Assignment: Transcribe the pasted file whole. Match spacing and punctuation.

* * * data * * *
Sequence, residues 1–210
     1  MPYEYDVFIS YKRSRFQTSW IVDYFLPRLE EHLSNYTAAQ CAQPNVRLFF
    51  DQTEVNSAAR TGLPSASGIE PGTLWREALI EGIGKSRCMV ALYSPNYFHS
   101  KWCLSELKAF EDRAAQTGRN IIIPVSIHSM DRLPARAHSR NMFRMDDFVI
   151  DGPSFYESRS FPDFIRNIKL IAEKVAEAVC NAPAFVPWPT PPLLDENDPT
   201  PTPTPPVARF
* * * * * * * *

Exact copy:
Sequence, residues 1–210
     1  MPYEYDVFIS YKRSRFQTSW IVDYFLPRLE EHLSNYTAAQ CAQPNVRLFF
    51  DQTEVNSAAR TGLPSASGIE PGTLWREALI EGIGKSRCMV ALYSPNYFHS
   101  KWCLSELKAF EDRAAQTGRN IIIPVSIHSM DRLPARAHSR NMFRMDDFVI
   151  DGPSFYESRS FPDFIRNIKL IAEKVAEAVC NAPAFVPWPT PPLLDENDPT
   201  PTPTPPVARF